Which in matlab corresponds to:


quads = ...
  [-sqrt(-(edge_norms(:,1) + edge_norms(:,2) + edge_norms(:,3)).* ...
    (edge_norms(:,1) - edge_norms(:,2) - edge_norms(:,3)).* ...
    (edge_norms(:,1) - edge_norms(:,2) + edge_norms(:,3)).* ...
    (edge_norms(:,1) + edge_norms(:,2) - edge_norms(:,3))).* ...
    (2.*edge_norms(:,2).^2.*edge_norms(:,3).^2  + edge_norms(:,1).^2.* ...
    edge_norms(:,2).^2  - edge_norms(:,2).^4  + edge_norms(:,1).^2.* ...
    edge_norms(:,3).^2  - edge_norms(:,3).^4)./ ...
    (8.*(edge_norms(:,1) + edge_norms(:,2) + edge_norms(:,3)).* ...
    (edge_norms(:,1) - edge_norms(:,2) - edge_norms(:,3)).* ...
    (edge_norms(:,1) - edge_norms(:,2) + edge_norms(:,3)).* ...
    (edge_norms(:,1) + edge_norms(:,2) - edge_norms(:,3))), ...
  -sqrt(-(edge_norms(:,2) + edge_norms(:,3) + edge_norms(:,1)).* ...
    (edge_norms(:,2) - edge_norms(:,3) - edge_norms(:,1)).* ...
    (edge_norms(:,2) - edge_norms(:,3) + edge_norms(:,1)).* ...
    (edge_norms(:,2) + edge_norms(:,3) - edge_norms(:,1))).* ...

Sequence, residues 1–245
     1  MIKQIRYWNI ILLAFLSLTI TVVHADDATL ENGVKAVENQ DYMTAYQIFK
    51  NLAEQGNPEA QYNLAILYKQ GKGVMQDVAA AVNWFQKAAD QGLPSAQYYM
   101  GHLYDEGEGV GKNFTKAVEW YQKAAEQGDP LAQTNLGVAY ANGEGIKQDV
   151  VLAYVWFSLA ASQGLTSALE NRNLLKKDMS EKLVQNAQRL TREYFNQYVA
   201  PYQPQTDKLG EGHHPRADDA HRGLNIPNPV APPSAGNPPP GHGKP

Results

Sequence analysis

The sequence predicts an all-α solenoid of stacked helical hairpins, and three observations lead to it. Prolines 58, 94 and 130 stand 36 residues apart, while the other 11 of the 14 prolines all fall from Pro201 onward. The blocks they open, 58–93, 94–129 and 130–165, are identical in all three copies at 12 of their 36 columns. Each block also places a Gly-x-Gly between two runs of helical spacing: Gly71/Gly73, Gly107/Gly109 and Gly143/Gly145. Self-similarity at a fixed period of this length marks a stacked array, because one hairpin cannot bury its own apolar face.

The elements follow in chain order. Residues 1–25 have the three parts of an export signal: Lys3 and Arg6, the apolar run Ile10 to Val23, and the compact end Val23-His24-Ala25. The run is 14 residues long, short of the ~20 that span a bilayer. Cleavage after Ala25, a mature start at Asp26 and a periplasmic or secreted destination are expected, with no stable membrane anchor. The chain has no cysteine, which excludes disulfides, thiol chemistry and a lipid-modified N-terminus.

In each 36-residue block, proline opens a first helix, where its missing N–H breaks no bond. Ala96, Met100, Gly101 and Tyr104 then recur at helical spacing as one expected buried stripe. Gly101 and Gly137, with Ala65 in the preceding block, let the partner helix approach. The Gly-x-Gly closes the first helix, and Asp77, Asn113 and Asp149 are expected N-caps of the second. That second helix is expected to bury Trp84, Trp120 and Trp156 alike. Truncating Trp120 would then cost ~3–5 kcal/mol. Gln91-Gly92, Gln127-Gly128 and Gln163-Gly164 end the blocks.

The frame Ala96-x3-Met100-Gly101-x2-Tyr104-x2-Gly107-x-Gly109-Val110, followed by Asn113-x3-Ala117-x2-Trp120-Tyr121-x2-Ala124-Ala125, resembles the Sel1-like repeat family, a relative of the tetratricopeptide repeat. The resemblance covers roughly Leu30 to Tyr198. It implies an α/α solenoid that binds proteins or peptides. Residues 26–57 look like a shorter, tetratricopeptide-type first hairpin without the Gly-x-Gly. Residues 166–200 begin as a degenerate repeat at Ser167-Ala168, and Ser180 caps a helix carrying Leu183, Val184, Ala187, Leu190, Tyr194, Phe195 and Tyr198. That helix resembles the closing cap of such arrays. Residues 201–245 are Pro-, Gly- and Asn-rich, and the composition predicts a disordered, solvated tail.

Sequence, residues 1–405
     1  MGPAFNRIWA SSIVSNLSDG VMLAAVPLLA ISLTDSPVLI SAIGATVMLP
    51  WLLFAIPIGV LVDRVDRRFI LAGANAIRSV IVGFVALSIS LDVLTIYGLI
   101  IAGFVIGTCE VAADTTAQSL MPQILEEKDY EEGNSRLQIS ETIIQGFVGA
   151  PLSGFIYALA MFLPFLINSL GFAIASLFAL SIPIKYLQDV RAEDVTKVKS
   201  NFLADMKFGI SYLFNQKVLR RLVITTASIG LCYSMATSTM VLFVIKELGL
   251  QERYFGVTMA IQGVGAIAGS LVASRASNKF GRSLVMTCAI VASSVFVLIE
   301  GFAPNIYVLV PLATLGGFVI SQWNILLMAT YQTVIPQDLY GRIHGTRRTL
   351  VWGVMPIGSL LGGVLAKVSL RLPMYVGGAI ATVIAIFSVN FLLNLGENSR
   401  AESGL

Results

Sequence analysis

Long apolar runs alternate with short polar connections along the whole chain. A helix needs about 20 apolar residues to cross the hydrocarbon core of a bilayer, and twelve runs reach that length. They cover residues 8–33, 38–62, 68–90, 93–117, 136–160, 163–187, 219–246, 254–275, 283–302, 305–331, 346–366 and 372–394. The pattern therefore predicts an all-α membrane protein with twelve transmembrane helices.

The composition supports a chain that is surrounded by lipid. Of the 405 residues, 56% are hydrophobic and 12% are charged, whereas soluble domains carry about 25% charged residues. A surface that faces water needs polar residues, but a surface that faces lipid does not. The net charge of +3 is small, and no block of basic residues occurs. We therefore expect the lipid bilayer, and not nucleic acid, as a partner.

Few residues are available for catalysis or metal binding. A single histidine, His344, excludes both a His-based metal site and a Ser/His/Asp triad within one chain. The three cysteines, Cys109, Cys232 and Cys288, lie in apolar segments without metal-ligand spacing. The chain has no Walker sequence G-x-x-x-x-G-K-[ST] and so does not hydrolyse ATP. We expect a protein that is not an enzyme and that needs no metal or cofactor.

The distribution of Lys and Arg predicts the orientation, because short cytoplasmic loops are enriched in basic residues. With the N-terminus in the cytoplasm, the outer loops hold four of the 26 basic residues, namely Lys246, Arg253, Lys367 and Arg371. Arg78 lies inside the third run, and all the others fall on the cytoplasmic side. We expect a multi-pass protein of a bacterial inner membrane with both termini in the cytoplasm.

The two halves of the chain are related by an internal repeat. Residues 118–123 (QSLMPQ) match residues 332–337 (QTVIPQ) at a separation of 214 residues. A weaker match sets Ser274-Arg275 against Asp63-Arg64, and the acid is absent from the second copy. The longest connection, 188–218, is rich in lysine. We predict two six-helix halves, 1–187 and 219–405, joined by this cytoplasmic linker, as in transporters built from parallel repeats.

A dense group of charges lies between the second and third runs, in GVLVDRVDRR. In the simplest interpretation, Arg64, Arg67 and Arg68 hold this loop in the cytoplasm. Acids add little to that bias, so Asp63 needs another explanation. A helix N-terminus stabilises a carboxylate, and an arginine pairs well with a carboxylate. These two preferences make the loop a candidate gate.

(2.*edge_norms(:,3).^2.*edge_norms(:,1).^2  + edge_norms(:,2).^2.* ...
    edge_norms(:,3).^2  - edge_norms(:,3).^4  + edge_norms(:,2).^2.* ...
    edge_norms(:,1).^2  - edge_norms(:,1).^4)./ ...
    (8.*(edge_norms(:,2) + edge_norms(:,3) + edge_norms(:,1)).* ...
    (edge_norms(:,2) - edge_norms(:,3) - edge_norms(:,1)).* ...
    (edge_norms(:,2) - edge_norms(:,3) + edge_norms(:,1)).* ...
    (edge_norms(:,2) + edge_norms(:,3) - edge_norms(:,1))), ...
  -sqrt(-(edge_norms(:,3) + edge_norms(:,1) + edge_norms(:,2)).* ...
    (edge_norms(:,3) - edge_norms(:,1) - edge_norms(:,2)).* ...
    (edge_norms(:,3) - edge_norms(:,1) + edge_norms(:,2)).* ...
    (edge_norms(:,3) + edge_norms(:,1) - edge_norms(:,2))).* ...
    (2.*edge_norms(:,1).^2.*edge_norms(:,2).^2  + edge_norms(:,3).^2.* ...
    edge_norms(:,1).^2  - edge_norms(:,1).^4  + edge_norms(:,3).^2.* ...
    edge_norms(:,2).^2  - edge_norms(:,2).^4)./ ...
    (8.*(edge_norms(:,3) + edge_norms(:,1) + edge_norms(:,2)).* ...
    (edge_norms(:,3) - edge_norms(:,1) - edge_norms(:,2)).* ...
    (edge_norms(:,3) - edge_norms(:,1) + edge_norms(:,2)).* ...
    (edge_norms(:,3) + edge_norms(:,1) - edge_norms(:,2)))];

Note: It seems also that the wikipedia page for the circumscribed circle has a direct formula for the barycentric coordinates of the circumcenter. Though, wolfram’s mathworld has an ostensibly different formula. Upon a quick review Wolfram’s is at least easily verifiable to be the same as mine (recall these only need to be relative to each other).